“Obviously this figure will vary depending on how long these disruptions persist, the number of flights which Ryanair is able to operate following resumption of schedules, how quickly the backlogs can be cleared, and when load factors return to normal,” said Henrike Schmidt of Ryanair.

Danube Wings, based in Slovakia, predicted losses of at least €41,661 because of the closed airspace, airline commercial director Jozef Bebiak told The Slovak Spectator.

“The sum represents the loss of revenues for the cancelled flights until noon on April 19,” said Bebiak. “However, this sum does not include additional costs which emerged for Danube Wings in association with rescheduling of the flights such as the crowded airspace, delayed flights, along with costs for the crews.”

Up until April 19, Danube Wings was forced to cancel 18 flights from and to Košice, Poprad, Bologna, Crotone and Basel. These cancellations affected 370 passengers on regular flights, and 105 passengers on charter flights. As late as April 20 the company was forced to cancel a flight on its Bratislava-Basel route. Danube Wings is not insured against commercial risks, Bebiak said.

Dozens of Slovaks remained grounded on other continents, unable to get return flights home as of April 21, according to a statement by Slovak Foreign Affairs Ministry spokesman Peter Stano to the TASR newswire. Most of these Slovak nationals, almost 40 people, are stuck in Delhi, India, but some people are also stuck in Kenya and Thailand. However, none of the citizens are in an emergency situation.

“In most cases, they’re only seeking advice on how to proceed when forced to prolong their stay in a foreign country,” said Stano.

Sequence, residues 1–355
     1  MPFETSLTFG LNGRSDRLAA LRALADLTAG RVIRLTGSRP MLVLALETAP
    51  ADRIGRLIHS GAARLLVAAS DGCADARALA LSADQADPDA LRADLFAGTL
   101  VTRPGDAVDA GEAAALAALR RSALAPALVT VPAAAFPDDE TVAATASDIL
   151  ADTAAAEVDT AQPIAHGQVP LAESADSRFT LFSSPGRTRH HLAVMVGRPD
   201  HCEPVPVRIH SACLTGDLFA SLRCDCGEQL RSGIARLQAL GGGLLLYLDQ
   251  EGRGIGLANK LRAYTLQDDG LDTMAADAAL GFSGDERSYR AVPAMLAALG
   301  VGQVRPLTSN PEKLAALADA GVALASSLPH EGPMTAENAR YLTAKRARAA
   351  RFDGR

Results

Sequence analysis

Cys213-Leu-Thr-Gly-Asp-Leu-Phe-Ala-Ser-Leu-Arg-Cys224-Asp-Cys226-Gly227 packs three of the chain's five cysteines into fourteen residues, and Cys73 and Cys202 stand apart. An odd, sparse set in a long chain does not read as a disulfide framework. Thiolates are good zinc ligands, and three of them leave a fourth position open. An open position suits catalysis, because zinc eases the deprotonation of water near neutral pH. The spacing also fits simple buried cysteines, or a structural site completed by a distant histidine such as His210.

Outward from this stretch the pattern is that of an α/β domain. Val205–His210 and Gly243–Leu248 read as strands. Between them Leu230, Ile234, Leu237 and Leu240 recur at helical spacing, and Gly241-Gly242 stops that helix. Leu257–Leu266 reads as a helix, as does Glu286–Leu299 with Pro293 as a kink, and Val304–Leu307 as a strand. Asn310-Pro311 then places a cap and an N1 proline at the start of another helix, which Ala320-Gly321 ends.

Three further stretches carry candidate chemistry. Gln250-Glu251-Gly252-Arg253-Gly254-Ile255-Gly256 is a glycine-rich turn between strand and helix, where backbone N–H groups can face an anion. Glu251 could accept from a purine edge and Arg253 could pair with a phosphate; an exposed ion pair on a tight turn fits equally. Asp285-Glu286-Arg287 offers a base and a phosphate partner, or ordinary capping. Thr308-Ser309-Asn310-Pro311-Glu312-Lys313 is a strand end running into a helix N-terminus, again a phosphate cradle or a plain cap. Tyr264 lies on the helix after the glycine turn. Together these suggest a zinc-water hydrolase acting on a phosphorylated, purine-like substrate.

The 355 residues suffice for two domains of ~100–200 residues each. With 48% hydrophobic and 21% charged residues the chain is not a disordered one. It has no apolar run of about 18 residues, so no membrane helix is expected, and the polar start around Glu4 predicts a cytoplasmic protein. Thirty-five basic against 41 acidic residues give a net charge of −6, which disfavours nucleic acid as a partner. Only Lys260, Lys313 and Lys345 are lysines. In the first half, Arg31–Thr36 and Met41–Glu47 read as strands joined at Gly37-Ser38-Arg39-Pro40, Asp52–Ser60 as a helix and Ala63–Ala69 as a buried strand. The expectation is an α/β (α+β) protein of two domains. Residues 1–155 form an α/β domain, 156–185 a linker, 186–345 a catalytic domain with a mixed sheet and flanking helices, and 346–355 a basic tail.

185 flights from Bratislava Airport had been cancelled by April 21, with 33,200 travellers affected. The International Air Transportation Association estimated the total losses of air carriers at €1.3 billion and said it believed the flight limitations had affected more than a million passengers a day.

According to Madunická, Bratislava Airport has noted that EU representatives have made statements which seem to open the possibility for air carriers to apply for compensation for losses from the state.

“Considering the fact that the current situation in air transportation had a similarly negative economic impact also on the airports, we are exploring whether it is possible to apply for the same compensation in our case,” Madunická told The Slovak Spectator. “We assume that the option to apply for a form of compensation should be equally available to all the concerned bodies within the civil aviation industry.”

For that reason Bratislava Airport has been monitoring developments in this area and is working with its European-level association to collect further information.

“We are working with Airports Council International Europe in which we have membership and which represents the airports in negotiations on this issue with the EU,” said Madunická. “We believe that there will be an equal approach taken towards the airports and that it will be possible for them to request compensation for this unpleasant situation.”



Adam Valček contributed to this article.